In order to experiment with network search concepts, we have instrumented a cloud Infrastructureas-a-Service (IaaS) platform in our laboratory with network search functions. The platform contains nine high-performance servers, interconnected by Gigabit Ethernet, and runs the OpenStack cloud management software. (See [15] for details.) The components of the network search system include search nodeseach server on the testbed runs such a nodeand managers in the management plane that run in a management 3

station. Each search node contains a local database based on MongoDB [4] that maintains the network objects. Currently the database has four types of objects, namely, server, virtual machine (VM), application, and customer. A data sensing component reads system les, such as /proc [5], libvirt conguration [3] etc., and populates and periodically updates the objects in the local database at a rate corresponding to their respective lifetime. A distributed query processing component implements the protocol outlined in Section 4. The manager component offers two types of interfaces for accessing network search functionality: a simple line console and a graphical, menu supported interface that allows to compose queries and browse the output in various ways. Due to lack of space, details about this implementation is reported in [10] [12]. We have used the network search system on the OpenStack platform for conducting a range of exploratory experiments. The platform can be loaded by external load generators that were developed for evaluating performance management solutions for OpenStack [15]. The produced load has a time-varying pattern of several types of applications running in virtual machines of different congurations and lifetimes. Here are some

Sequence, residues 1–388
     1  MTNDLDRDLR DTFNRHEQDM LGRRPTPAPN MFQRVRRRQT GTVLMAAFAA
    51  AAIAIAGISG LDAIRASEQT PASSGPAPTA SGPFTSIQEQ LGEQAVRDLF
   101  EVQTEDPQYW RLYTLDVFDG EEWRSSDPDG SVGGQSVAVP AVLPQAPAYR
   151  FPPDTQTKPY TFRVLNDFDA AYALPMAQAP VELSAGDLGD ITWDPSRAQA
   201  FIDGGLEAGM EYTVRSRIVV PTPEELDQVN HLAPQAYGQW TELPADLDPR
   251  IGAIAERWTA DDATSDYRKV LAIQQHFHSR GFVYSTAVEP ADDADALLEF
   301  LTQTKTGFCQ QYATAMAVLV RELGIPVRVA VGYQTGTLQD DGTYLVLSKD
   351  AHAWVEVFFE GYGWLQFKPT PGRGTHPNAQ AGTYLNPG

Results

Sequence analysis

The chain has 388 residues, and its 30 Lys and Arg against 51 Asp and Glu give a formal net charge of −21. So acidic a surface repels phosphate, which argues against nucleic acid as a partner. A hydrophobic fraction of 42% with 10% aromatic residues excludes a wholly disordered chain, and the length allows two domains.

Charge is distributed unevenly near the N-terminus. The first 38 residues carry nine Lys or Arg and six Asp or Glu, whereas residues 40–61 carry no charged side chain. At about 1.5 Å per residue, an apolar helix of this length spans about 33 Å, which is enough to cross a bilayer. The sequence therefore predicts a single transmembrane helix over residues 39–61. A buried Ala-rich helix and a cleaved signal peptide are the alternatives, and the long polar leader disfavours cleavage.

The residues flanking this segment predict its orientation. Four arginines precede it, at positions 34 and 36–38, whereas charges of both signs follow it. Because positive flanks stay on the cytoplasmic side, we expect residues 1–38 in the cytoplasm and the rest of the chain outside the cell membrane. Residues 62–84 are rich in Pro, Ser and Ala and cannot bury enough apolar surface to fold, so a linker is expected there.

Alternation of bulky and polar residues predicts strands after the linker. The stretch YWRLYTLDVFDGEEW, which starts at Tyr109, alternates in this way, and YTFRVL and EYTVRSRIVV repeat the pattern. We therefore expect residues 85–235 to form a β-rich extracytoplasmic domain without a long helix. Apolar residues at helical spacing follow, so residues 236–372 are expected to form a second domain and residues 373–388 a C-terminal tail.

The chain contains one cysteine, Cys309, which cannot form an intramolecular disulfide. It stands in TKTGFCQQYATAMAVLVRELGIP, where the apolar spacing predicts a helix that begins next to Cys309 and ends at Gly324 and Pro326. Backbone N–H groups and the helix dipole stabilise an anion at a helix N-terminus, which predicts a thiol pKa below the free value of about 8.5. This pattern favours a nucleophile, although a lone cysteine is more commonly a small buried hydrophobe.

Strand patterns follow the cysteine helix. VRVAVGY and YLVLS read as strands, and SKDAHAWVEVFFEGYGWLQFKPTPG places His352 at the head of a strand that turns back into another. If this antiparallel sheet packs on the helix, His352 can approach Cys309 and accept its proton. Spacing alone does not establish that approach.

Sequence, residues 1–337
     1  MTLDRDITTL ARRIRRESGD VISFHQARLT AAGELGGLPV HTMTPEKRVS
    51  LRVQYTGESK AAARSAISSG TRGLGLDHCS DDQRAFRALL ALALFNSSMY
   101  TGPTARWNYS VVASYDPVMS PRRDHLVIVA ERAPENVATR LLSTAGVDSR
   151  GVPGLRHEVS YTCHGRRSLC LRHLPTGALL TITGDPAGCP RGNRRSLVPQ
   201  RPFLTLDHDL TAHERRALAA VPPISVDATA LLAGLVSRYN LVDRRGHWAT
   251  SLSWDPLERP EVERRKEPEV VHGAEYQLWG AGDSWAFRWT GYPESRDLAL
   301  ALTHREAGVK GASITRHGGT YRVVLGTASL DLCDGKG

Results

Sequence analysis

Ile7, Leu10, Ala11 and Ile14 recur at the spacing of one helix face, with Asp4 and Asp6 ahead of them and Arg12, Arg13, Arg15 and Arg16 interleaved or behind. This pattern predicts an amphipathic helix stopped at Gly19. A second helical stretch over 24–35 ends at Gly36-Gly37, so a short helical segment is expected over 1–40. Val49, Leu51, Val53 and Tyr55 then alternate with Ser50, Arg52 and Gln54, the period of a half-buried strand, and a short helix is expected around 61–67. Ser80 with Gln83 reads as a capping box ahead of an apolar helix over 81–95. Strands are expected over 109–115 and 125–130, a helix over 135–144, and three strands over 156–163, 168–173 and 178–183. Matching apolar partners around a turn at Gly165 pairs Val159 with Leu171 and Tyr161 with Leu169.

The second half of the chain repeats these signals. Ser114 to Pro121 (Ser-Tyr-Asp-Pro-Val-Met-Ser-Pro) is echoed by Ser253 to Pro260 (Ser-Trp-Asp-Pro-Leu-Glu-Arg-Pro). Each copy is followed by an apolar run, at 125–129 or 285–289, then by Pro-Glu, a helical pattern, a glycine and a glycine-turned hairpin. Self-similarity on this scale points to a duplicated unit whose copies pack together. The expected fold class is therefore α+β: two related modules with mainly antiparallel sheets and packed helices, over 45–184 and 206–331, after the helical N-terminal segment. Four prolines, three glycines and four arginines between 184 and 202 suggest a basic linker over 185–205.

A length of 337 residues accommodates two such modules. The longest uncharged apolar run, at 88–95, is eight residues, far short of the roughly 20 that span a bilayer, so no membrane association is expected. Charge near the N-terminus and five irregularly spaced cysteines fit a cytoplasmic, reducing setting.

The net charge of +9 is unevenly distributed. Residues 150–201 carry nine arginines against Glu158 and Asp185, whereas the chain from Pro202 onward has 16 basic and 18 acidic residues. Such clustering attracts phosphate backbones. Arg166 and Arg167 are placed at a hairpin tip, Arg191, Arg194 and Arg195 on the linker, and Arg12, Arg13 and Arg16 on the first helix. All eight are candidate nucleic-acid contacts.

of the experiments we have performed. First, we inquire about the load on a server cluster, which is given by a range of IP address: sum, load (192.168.212.*). Given the case that the load is unexpectedly high, we want to nd out which applications are running on this cluster: name ( application 192.168.212.*). Finally, we want to identify the customers for which these applications are executed: name ( customer app1 appn ). In a further set of experiments, we study the behavior of the virtual machines on the platform under an adaptive placement policy. First, we are interested in learning the distribution of the uptimes of the virtual machines. The query uptime (VM) provides the uptime of the active virtual machines, out of which the distribution can be computed. (If a distribution aggregator is implemented, then the distribution can be directly computed as part of the query). Second, we want to study the movement of virtual machines that belongs to a specic application. We can achieve this by periodically issuing the query name, server (V M appx ). We ran a series of performance tests on the search system, the details of which can be found in [10]. 6. D ISCUSSION